Agnes

By Jim Woessner

The two of them stood uncomfortably. The man motionless. The boy with his hands in his pockets, rocking from side to side.

“You suppose she knows we’re here?” the boy asked.

His father stared at the stone as the boy read the inscription to himself. He looked at his mother’s middle name and realized he’d never heard anyone say it out loud. It sounded strange. He looked at the flowers they’d brought. Yellow was her favorite color.

“You think she knows about the flowers?” he asked.

The boy saw his father glance at the flowers but remain silent.

“Where do you think she is?” he asked.

The man looked at the boy then back at the ground.

“It’s like she’s trapped somewhere,” the boy said. “Like she’s locked up and we can’t get her out ’cause we don’t have a key.”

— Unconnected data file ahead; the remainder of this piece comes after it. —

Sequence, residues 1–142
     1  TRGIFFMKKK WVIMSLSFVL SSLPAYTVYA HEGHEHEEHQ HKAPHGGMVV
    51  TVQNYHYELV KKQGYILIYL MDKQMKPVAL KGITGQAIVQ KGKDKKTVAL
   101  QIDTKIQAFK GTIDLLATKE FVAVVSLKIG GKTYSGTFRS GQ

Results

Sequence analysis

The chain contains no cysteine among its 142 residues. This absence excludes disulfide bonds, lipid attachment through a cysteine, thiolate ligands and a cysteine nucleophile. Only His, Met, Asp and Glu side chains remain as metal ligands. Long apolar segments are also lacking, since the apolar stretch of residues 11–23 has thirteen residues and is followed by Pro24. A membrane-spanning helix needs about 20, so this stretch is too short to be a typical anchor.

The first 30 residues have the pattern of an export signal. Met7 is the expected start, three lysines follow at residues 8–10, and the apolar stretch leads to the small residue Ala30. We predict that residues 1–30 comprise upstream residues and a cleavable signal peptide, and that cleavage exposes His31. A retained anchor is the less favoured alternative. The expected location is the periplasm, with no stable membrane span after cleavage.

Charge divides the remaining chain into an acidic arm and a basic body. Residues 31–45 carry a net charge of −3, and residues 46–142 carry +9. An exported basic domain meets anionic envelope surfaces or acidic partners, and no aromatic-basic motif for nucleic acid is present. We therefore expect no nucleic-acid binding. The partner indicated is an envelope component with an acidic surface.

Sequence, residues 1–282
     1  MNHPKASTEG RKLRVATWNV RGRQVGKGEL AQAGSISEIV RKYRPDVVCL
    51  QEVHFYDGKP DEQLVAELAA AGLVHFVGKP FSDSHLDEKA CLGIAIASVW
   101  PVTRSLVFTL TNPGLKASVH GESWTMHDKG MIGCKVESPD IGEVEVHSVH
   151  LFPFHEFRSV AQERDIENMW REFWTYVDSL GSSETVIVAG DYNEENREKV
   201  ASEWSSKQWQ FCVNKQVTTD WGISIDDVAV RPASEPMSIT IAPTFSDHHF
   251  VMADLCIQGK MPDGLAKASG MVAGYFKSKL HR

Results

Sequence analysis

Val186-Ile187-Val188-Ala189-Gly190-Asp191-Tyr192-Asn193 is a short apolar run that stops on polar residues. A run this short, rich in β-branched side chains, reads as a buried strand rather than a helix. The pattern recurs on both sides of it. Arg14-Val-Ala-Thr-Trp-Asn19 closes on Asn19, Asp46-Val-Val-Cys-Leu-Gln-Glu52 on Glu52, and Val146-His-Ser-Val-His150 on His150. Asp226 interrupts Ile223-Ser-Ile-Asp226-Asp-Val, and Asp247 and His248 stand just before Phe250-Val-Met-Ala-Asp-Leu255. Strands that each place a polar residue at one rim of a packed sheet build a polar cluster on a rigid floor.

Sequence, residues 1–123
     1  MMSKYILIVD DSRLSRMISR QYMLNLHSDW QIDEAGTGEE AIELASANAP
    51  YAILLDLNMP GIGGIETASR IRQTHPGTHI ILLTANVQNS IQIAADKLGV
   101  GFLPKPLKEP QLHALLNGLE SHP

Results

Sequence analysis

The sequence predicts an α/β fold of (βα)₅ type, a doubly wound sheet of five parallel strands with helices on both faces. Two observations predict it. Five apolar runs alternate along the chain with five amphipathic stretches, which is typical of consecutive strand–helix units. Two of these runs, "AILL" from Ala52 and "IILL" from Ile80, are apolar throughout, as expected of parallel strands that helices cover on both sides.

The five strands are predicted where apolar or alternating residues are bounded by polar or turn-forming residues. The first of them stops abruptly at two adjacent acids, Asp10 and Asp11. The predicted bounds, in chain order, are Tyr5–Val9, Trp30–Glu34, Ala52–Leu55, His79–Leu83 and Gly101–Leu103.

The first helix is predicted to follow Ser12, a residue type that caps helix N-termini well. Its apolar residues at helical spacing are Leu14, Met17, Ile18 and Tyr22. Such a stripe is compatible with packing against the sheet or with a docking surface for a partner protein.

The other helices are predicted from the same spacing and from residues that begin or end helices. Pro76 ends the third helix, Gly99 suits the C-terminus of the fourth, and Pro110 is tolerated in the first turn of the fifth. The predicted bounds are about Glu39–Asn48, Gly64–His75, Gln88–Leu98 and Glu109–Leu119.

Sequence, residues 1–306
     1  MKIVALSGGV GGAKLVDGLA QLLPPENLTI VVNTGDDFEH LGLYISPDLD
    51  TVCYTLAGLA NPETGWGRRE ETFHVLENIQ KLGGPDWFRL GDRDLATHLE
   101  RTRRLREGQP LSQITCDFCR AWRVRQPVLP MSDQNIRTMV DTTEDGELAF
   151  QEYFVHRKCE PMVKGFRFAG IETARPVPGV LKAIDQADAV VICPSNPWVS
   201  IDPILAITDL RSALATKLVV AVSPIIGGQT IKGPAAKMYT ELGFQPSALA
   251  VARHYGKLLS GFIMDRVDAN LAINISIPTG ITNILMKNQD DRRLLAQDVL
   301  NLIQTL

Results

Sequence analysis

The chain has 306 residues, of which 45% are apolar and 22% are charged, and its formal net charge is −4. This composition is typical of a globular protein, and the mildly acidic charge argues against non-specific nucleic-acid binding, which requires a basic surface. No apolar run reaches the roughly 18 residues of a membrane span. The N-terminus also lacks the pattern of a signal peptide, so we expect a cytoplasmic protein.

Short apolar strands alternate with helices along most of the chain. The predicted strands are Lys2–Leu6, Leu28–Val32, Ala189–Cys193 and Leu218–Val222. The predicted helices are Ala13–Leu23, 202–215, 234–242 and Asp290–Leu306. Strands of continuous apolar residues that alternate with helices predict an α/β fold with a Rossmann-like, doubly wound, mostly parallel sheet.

The man sighed and looked up at the green hills surrounding the cemetery.

“Let’s go,” the man said.

The two walked silently back to the car along a row of gravestones. At the end of the row, the man stopped and looked at his son.

“There’s no key, boy. None that you’ll find no matter how hard you look.”

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Jim Woessner’s writings have appeared in the Blue Collar Review, The Daily Drunk, Close to the Bone, and elsewhere. He has an MFA in Creative Writing from Bennington College, and he works as a visual artist and writer living on the water in Sausalito, California.

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